Sen. Orrin Hatch, R-Utah, is becoming the main cheerleader pushing for President Reagan to pardon Oliver North for his involvement in the Iran-Contra scandal.
With news last week that the prosecution would move to dismiss the major charges against North, Hatch began stepping up his weeks-old call for a presidential pardon of North on remaining charges - and has been quoted on national TV networks and major national newspapers and wire services.A federal judge Monday temporarily declined to dismiss two key charges against North, insisting that the administration must formally declare that it blocked the release of classified documents needed for the case. Independent prosecutor Lawrence Walsh indicated he would submit a letter from Attorney General Dick Thornburgh and supporting material, clearing the way for trial to proceed on 12 remaining charges.
Hatch last week told the Deseret News that if Reagan were not "gutless" he would have pardoned North long ago.
Hatch repeated his views to a national TV audience again Monday night on the MacNeil/Lehrer Newshour on PBS - where he also had a live face-off some members of Congress who oppose his views.
Hatch described the 12 remaining charges against North as "Mickey Mouse" and said they have little to do with diversion of funds that the special prosecutor was originally appointed to investigate.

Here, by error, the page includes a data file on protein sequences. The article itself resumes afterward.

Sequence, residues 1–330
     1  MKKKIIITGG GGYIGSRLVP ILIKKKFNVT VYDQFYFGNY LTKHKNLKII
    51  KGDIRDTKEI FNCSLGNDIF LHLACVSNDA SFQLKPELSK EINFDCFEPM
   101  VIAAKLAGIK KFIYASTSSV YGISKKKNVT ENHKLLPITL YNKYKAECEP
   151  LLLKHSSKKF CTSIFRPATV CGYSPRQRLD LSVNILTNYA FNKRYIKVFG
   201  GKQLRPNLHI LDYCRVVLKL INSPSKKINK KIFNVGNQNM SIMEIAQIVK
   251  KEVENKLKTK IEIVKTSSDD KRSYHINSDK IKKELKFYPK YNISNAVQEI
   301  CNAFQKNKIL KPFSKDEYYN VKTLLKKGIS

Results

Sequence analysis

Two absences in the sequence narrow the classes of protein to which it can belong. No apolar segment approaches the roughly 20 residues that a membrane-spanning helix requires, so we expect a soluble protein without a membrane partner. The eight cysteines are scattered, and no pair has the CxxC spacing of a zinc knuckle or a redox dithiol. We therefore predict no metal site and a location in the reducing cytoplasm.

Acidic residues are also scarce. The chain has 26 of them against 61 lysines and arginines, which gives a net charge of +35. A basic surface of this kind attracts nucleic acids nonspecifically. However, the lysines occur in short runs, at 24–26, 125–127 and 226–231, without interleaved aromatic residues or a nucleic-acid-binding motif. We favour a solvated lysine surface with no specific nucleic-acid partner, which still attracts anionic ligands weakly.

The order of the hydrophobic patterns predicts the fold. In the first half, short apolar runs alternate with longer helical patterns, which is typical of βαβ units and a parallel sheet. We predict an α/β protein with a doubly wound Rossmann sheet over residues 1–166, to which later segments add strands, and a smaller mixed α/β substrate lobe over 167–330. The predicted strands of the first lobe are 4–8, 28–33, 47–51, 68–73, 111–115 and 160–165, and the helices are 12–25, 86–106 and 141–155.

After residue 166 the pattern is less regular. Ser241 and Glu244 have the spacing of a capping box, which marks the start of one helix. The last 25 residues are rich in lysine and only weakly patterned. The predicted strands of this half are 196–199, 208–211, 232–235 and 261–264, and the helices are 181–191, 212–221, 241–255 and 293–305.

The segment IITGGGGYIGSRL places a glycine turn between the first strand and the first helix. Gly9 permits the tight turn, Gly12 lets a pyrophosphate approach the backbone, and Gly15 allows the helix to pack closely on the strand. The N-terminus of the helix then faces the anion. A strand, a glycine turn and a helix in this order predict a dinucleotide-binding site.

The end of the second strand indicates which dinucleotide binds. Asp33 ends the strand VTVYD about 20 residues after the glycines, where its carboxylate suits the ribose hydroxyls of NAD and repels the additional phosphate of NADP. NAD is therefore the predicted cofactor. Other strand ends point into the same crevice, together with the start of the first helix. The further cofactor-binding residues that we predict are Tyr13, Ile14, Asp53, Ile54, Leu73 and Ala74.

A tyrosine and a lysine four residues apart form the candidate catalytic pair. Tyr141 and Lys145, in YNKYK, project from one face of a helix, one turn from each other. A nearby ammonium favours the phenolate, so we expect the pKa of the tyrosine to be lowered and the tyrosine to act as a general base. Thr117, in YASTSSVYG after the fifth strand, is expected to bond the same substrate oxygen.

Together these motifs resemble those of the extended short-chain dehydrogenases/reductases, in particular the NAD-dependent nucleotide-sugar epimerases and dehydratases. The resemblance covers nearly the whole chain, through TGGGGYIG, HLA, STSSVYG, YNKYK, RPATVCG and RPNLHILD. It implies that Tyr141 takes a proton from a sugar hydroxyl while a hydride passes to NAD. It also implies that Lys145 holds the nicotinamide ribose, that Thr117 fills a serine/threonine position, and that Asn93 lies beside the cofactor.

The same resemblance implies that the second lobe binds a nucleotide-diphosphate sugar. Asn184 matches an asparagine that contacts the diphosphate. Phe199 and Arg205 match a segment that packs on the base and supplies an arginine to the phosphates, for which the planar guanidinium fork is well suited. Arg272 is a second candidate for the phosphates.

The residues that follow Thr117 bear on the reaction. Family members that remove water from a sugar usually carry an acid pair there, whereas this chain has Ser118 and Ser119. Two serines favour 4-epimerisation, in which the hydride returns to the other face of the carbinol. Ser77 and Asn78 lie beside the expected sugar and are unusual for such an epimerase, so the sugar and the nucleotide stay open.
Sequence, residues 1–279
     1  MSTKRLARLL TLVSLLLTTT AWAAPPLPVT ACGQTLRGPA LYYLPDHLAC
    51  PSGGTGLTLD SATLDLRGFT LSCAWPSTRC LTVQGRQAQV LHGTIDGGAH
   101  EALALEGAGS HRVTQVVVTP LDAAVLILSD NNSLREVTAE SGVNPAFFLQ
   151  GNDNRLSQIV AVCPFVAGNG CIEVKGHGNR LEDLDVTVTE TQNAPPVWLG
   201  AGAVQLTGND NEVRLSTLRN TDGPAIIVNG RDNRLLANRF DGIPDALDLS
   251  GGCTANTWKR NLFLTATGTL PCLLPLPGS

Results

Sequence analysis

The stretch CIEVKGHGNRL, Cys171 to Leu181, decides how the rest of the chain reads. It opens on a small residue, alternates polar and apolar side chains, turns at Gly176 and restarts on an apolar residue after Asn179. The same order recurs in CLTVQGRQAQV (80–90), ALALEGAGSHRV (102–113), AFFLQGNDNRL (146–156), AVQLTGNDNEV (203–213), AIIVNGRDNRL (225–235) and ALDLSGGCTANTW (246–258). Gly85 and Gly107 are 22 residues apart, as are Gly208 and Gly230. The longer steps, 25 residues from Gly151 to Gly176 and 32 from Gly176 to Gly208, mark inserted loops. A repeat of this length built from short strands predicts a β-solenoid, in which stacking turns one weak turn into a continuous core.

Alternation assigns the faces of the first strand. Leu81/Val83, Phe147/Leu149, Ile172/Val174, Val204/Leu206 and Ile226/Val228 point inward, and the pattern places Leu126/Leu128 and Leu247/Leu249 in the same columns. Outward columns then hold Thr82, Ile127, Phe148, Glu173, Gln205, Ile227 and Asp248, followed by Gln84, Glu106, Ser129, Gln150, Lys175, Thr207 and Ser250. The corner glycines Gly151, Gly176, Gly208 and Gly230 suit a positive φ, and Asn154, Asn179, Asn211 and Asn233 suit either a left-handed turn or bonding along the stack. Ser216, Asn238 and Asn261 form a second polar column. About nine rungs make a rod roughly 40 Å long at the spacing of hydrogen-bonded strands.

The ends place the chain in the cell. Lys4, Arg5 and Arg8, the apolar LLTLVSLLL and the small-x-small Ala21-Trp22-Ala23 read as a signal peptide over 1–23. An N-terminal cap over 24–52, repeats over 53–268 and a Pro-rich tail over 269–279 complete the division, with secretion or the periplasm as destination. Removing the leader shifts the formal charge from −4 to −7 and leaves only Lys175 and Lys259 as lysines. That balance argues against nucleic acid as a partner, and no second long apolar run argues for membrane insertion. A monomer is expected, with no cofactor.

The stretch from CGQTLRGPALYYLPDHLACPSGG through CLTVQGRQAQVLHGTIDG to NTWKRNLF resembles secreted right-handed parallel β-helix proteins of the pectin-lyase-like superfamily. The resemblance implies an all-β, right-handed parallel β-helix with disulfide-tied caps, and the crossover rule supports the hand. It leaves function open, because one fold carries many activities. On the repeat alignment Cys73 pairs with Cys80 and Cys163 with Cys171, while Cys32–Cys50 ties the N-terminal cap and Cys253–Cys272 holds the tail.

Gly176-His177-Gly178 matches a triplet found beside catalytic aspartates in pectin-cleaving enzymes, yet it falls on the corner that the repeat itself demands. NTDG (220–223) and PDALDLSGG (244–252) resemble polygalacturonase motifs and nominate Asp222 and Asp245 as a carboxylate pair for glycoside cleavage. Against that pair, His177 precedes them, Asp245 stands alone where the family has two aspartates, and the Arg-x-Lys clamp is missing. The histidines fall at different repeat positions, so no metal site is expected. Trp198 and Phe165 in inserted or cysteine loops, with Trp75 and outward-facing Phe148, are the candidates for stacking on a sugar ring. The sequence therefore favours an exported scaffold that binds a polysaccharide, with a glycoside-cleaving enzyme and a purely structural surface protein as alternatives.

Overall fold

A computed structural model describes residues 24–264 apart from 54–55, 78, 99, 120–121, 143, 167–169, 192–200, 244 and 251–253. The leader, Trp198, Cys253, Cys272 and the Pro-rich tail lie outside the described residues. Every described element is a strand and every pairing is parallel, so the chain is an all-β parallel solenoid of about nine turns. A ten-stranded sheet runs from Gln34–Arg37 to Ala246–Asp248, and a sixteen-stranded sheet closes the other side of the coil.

"It's ridiculous to have to go through all this since nobody would have brought the case to begin with on these charges. I think the president ought to end the charade, he ought to bite the bullet and he ought to grant a pardon in this case, which is his right to do.
"And I think the rest of the country, about everybody, would say, `Oh my gosh, it's about time. We're tired of this, it should be over, it's gone on too long and it's just being used for political purposes by some members of Congress anyway.' "
About charges that North lied to Congress, Hatch said, "(In) none of those statements, none of those letters and, again, none of those counts, was Oliver North under oath. He did not do anything under oath. And here he's going to be hung by 30 prosecutors, 50 investigators and another 50 support staff at an expenditure of $13 million so far."
But Rep. Louis Stokes, D-Ohio, who with Hatch was on the congressional committee that investigated the Iran-Contra affair, criticized Hatch.
"I have a problem with any member of Congress calling these `Mickey Mouse' charges," he said. "Lying to Congress is serious."
Stokes added, "A pardon of Oliver North would make a total mockery of the judicial system in this country. I think it would lead to anarchy because a person sitting in a prison somewhere would wonder why he is there and Oliver North isn't."
Rep. Pat Shroeder, D-Colo., a former presidential candidate, also attacked Hatch, saying a pardon would simply "say some people don't have to comply with the law."
But Rep. Henry Hyde, R-Ill., was on Hatch's side, saying a pardon would send "a message of compassion, a message that enough is enough" and would allow the country to move on, like after Jimmy Carter "pardoned the draft dodgers who went to Canada and Sweden."